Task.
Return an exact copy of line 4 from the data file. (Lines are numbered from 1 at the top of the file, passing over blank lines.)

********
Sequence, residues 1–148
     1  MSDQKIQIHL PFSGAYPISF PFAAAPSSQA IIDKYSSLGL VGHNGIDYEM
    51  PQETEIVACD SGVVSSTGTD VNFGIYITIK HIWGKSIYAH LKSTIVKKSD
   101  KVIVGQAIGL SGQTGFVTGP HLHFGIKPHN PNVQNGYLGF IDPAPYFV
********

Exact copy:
   101  KVIVGQAIGL SGQTGFVTGP HLHFGIKPHN PNVQNGYLGF IDPAPYFV